ASS.PROF.DR Thamer Information Theory 4th Class in Communication. Finite Field Arithmetic. (Galois field)


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1 Finite Field Arithmetic (Galois field) Introduction: A finite field is also often known as a Galois field, after the French mathematician Pierre Galois. A Galois field in which the elements can take q different values is referred to as GF(q). The formal properties of a finite field are: (a) There are two defined operations, namely addition and multiplication. (b) The result of adding or multiplying two elements from the field is always an element in the field. (c) One element of the field is the element zero, such that a + 0 = a for any element a in the field. (d) One element of the field is unity, such that a 1 = a for any element a in the field. (e) For every element a in the field, there is an additive inverse element a, such that a + (  a) = 0. This allows the operation of subtraction to be defined as addition of the inverse. (f) For every nonzero element b in the field there is a multiplicative inverse element b 1 such that b b 1 = 1. This allows the operation of division to be defined as multiplication by the inverse. (g) The associative [a + (b + c) = (a + b) + c, a (b c) = [(a b) c], commutative [a + b = b + a, a b = b a], and distributive [a (b + c) = a b + a c] laws apply. 1
2 These properties cannot be satisfied for all possible field sizes. They can, however, be satisfied if the field size is any prime number or any integer power of a prime. 2. PRIME SIZE FINITE FIELD GF(p) The rules for a finite field with a prime number (p) of elements can be satisfied by carrying out the arithmetic modulop. If we take any two elements in the range 0 to p 1, and either add or multiply them, we should take the result modulop. Example 1: Table 1 and 2 shows MODULE2 addition and multiplication respectively for GF(2), here p equals 2: 1 2 Example 2: The results for GF(3) are shown in Tables 3 and 4 where p here is equal to 3. TABLE. 3 2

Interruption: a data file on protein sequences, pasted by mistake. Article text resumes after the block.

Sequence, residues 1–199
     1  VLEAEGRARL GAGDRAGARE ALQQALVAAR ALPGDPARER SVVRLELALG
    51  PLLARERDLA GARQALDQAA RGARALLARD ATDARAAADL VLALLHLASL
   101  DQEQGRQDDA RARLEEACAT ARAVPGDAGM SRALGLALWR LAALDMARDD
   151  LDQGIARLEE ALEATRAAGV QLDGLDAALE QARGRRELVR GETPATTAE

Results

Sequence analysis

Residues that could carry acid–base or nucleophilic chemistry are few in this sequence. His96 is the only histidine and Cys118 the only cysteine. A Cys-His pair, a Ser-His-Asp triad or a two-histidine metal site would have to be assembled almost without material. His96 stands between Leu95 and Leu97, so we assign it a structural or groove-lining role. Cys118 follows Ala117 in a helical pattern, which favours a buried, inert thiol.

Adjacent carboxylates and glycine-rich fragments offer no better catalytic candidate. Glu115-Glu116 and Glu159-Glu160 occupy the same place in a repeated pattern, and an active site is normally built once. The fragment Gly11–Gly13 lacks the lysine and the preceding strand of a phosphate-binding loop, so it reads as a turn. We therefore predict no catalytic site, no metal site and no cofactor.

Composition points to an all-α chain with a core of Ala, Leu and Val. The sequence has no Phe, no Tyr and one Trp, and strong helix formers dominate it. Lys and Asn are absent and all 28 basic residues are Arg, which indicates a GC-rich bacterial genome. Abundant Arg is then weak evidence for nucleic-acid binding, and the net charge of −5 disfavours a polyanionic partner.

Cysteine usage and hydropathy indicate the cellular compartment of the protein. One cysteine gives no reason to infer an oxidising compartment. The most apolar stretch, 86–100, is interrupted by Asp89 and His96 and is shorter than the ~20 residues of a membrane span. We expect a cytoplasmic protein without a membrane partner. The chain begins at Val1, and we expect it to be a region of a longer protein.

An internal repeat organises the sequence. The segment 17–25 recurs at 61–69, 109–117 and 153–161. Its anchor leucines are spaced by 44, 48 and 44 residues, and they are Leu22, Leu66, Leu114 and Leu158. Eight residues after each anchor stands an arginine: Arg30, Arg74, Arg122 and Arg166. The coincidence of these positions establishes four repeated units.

3 TABLE.4 Thus in GF(3), the additive inverse of 0 is 0, and the additive inverse of 1 is 2 and vice versa. The multiplicative inverse can in principle be found by identifying from the table pairs of elements whose product is 1. In the case of GF(3), we see that the multiplicative inverse of 1 is 1 and the multiplicative inverse of 2 is 2. Another approach can be adopted to finding the multiplicative inverse that will be more generally useful and will lead towards the method for constructing other field sizes. In any prime size field, it can be proved that there is always at least one element whose powers constitute all the nonzero elements of the field. This element is said to be primitive. For example, in the field GF(7), the number 3 is primitive as Higher powers of 3 just repeat the pattern as 3 6 = 1. Note that we can carry out multiplication by adding the powers of 3
4 3, thus 6 x 2 = 3 3 x 3 2 = 3 5 = 5. Hence we can find the multiplicative inverse of any element as 3 i as 3 i = 3 6i. Thus in GF(7) the multiplicative inverse of 6 (33) is 6 (33), the multiplicative inverse of 4 (3 4 ) is 2 (3 2 ) and the multiplicative inverse of 5 (3 5 ) is 3 (3 1 ). Example 3: Construct addition and multiplication tables over GF(7), then show how you can make subtraction and division operations over this field? Sol: Here p equals to 7, therefore the elements of this GF are (0,1,2,3,4,5,6 ). The addition and multiplication over GF(7) will be modulo7 as shown below: 4